Serious concerns about the deleterious effects of trade liberalization on México’s food security and living conditions for smallholders, in particular for maize producers, were raised by critics of neoliberal reforms [1
]. In fact, most analysts predicted falling domestic maize production. For example, Yúñez-Naude [3
] estimated that a 40% reduction in maize prices would result in a decline in maize output in smallholder communities ranging between 18% and 29%, depending on the productivity gains due to liberalization. Levy and van Wijnbergen [4
] estimated a displacement of 492,000 to 692,000 jobs and a 20% decline in output due to liberalization [5
]. Despite such grim predictions, maize output has more than doubled above pre-reform levels and maize cropland areas have increased slightly, in spite of a ~70% decline in prices when compared with pre-reform levels.
Corn is now the most important commodity traded between the US and México by volume [6
]. With an average of 10 million MT of corn imported every year since 2010, México is now one of the largest grain markets for US producers, second only to Japan. Given the myriad of maize varieties, from this point on we use the word corn
to refer to varieties of yellow maize grown domestically and imported and maize
as a generic designation for all other varieties. In a sample of ejido households interviewed between 1990 and 1997, Davis [7
] reports a two-fold increase in maize production. Eakin et al. [8
] refer to this smallholder population as the “agrarian winners” of neoliberal reforms. And contrary to predictions, even within very small farmsteads of less than 5 ha, cropland areas remained constant throughout the period. Research conducted at the household level suggests that among non-ejido and ejido producers, mixed farming systems that couple maize production with cattle emerged as a widespread land use strategy to curb the effects of falling prices.
The purpose of this article is to provide a closer examination of adaptation strategies of peasant farmers to trade liberalization through mixed farming practices, growing maize primarily for home consumption and as animal feed [9
]. At the present time, such systems prevail in rural México. They are mostly rainfed and encompass a wide agro-ecological range including semiarid, sub-humid and highland temperate and subtropical regions, covering 18, 8 and 7 percent, respectively, of México’s total land area. We seek to: (1) ascertain how México’s peasant farmers have adapted to the uncertain economic environment inherent in trade liberalization and (2), identify impacts of changes in production on household welfare for local farm communities. To address these issues we provide a case study of peasant farming in the Pátzcuaro Lake Watershed (PLW) of the State of Michoacán. We present results from a survey of 130 smallholder producers, eliciting temporal information that enables us to reconstruct the farm-level changes that have occurred in this region, which are reflective of broad-scale forces operative throughout México.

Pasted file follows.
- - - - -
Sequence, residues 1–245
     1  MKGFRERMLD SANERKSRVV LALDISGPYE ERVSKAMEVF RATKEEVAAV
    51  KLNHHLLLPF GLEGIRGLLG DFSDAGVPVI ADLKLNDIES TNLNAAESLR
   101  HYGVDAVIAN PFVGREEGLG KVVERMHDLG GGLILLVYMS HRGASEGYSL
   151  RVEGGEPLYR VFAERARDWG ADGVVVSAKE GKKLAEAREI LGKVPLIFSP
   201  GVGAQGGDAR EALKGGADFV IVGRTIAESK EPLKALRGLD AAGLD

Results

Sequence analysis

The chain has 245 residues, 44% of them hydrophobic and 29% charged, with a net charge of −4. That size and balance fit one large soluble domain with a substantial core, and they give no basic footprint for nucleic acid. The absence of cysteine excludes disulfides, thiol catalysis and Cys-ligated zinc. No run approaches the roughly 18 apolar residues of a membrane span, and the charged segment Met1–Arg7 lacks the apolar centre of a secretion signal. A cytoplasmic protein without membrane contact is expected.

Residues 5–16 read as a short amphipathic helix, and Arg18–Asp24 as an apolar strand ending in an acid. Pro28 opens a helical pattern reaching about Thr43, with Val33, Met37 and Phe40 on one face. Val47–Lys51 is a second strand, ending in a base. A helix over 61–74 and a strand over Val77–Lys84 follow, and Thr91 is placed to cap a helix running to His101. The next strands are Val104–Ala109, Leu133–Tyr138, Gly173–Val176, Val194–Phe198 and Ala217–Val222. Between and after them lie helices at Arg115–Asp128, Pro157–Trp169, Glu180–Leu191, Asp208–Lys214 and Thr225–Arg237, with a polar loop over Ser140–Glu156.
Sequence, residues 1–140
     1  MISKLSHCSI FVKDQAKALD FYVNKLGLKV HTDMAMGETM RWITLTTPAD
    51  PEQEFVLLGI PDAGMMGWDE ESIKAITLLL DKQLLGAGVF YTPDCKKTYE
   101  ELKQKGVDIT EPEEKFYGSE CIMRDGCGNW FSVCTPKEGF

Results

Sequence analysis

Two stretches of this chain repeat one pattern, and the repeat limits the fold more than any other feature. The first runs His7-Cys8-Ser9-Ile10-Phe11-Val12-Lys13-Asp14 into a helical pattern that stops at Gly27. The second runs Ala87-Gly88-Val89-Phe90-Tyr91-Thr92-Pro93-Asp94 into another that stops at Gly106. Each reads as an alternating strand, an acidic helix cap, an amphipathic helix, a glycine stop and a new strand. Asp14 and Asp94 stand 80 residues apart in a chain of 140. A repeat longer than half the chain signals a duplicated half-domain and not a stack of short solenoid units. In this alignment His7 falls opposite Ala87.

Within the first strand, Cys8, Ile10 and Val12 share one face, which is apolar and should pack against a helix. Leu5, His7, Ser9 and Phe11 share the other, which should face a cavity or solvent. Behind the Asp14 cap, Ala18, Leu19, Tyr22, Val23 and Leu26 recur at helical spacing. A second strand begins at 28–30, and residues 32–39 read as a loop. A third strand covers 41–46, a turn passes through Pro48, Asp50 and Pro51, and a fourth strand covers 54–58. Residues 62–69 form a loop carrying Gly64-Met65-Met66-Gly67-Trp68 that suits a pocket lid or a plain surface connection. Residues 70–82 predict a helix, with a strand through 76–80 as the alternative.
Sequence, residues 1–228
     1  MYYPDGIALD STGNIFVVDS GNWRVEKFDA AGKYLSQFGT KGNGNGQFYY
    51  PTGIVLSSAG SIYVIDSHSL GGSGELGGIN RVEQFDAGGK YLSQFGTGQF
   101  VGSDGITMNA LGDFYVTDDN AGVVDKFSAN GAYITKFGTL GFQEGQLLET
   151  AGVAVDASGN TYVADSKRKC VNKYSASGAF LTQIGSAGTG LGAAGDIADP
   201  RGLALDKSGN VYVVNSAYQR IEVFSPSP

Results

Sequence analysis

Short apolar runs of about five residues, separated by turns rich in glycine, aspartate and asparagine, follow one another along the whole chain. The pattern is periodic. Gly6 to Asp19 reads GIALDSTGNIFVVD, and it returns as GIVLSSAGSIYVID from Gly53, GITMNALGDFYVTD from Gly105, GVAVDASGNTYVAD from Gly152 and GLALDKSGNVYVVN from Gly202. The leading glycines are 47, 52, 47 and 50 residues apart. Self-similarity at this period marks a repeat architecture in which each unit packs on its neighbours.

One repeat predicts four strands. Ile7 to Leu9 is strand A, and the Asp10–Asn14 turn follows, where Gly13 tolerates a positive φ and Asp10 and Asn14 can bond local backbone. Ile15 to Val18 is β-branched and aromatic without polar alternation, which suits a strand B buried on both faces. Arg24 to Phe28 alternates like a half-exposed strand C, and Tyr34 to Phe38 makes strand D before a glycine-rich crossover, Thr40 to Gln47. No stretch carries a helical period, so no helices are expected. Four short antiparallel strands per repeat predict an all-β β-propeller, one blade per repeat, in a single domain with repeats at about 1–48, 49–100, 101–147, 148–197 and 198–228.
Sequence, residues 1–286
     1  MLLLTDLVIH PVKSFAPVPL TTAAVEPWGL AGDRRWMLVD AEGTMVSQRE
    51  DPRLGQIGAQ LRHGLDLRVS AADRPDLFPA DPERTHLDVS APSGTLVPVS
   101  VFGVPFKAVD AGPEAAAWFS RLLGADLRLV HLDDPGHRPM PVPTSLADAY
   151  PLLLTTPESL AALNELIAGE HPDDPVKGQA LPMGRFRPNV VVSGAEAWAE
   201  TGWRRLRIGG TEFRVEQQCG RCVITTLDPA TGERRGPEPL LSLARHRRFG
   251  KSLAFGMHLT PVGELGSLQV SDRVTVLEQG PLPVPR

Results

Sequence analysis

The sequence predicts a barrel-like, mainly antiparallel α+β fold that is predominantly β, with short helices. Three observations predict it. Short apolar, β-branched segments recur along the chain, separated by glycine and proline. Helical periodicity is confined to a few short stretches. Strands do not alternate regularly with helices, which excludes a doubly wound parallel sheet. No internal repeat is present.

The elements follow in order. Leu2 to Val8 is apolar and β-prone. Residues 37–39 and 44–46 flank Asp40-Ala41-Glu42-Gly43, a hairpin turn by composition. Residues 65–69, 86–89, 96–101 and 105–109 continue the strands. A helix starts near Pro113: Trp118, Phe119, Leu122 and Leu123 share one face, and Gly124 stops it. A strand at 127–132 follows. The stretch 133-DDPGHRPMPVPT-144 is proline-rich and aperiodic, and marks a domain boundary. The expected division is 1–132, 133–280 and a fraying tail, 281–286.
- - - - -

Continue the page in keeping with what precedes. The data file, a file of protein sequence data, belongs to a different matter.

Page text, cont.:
The paper is organized as follows. In the next section we address changes in Mexican agriculture, paying particular attention to the cattle sector and the emergence of a transnational beef supply chain. Following this, we consider our case study region, namely PLW in Michoacán State and describe the area’s mixed farming systems based on crops and livestock. Next, we exploit our survey data to illustrate structural changes in household economies. A discussion of the impacts of trade liberalization follows, after which a brief conclusion ends the paper.
1.1. Emergence of the Maize-beef Complex
One explanation for the survival of a robust peasant farm sector is that maize has received preferential treatment in the provision of subsidies [7
]. An example of this is the Programa de Apoyos Directos al Campo
(Program for Direct Income Support for Farmers-PROCAMPO), which has helped buffer the effects of free trade through cash transfers to small producers [10
].The Alianza para el Campo
(Rural Alliance Program) represents another important initiative, one providing capital liquidity and, therefore, stimulating both intensification and commercial agriculture [7
]. Finally, the agency Apoyos y Servicios a la Comercialización Agropecuaria
(Support and Services for Marketing and Market Development-ASERCA) has implemented a program similar to that of the US farm bill which provides subsidies for corn. Although agricultural support policies buffered the effects of market liberalization, they do not fully explain why corn failed to displace maize and why maize production expanded and thrived in some regions. In order to understand current agricultural land use in México it is necessary to consider the expansion of the food processing sector in a post-NAFTA food regime with an emphasis on beef production [12